Swedes Give 6-Hour Workday a Try

Sweden offers one of the most generous maternity leave policies in the world and when its citizens want to criticize unfair work policies, they apparently do so in viral videos. If that weren't enough to make you think about moving, here's the latest work-friendly policy in action: municipal staff in Gothenburg, Sweden's second-largest city, are test-driving a six-hour work day -- for the same pay as an eight-hour day.

Gothenburg 

(Photo Credit: Daniel Sjostrom/Flickr)

Two departments will take part in the experiment. One will work the standard day, and the other a reduced schedule.

"We'll compare the two afterwards and see how they differ," says Mats Pilhem, Left Party deputy mayor of Gothenburg. "We hope to get the staff members taking fewer sick days and feeling better mentally and physically after they've worked shorter days."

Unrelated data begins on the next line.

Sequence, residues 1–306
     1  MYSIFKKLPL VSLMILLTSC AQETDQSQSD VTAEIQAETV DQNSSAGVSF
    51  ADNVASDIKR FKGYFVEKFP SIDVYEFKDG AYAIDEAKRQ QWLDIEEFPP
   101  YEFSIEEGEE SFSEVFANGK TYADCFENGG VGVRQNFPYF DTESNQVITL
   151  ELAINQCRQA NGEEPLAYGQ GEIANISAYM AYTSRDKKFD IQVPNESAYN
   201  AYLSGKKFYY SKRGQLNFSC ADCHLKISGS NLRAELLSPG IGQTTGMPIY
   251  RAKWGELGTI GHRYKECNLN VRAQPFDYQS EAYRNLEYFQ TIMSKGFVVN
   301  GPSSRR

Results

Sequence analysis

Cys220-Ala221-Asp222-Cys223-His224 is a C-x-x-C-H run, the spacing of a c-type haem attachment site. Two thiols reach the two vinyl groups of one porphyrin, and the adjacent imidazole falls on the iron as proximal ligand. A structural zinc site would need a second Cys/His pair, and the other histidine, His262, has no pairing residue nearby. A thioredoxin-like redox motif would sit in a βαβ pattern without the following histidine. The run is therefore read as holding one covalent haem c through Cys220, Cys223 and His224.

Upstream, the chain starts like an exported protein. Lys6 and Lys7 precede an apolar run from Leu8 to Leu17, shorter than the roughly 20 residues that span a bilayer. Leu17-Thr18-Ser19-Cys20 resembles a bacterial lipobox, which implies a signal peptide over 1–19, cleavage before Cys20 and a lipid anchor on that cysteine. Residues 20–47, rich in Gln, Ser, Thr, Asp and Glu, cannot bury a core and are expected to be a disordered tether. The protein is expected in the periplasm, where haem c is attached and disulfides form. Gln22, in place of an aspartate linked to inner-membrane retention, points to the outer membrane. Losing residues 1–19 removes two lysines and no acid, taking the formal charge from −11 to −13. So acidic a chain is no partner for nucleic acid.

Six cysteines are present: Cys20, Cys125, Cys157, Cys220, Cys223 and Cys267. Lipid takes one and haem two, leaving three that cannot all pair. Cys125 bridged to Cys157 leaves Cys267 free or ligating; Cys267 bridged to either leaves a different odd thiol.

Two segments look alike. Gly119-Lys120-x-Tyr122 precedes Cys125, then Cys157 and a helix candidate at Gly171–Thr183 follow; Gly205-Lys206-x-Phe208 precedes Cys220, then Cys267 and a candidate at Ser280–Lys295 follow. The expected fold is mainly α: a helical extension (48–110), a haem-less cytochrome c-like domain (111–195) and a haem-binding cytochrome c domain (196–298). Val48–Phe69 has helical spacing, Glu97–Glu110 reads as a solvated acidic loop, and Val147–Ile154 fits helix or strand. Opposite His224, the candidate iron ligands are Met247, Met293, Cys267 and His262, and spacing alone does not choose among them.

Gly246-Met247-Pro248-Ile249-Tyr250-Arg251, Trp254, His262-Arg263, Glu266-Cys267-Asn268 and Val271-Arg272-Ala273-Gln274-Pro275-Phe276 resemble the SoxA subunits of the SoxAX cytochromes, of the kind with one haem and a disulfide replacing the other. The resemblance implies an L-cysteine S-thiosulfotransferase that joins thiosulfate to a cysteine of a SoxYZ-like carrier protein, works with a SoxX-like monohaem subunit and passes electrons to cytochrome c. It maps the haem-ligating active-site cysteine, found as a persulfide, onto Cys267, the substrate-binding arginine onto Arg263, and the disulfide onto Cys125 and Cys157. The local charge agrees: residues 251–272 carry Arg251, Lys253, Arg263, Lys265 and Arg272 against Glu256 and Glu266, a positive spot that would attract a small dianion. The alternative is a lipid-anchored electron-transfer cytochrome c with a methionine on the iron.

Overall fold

Critics of the plan claim that it's a "dishonest and populist ploy" to win voter sympathy before upcoming elections, but Pilhem remains firm in his claim that the goal is to increase productivity and create more jobs. Sweden's English-language news site The Local points out that the six-hour work day has been tried out before in that country, without catching on.

Still, there's some evidence that a shorter day could, as Pilhem claims, boost efficiency and productivity, as well as win voters' hearts. Research has shown that knowledge workers -- basically, everyone who works in an office, on a computer, instead of doing other types of labor -- are only good for about six hours of their typically eight-plus-hour shifts. After that, you're basically just holding down a chair.

Maybe it's time for the US to give the six-hour day a try.

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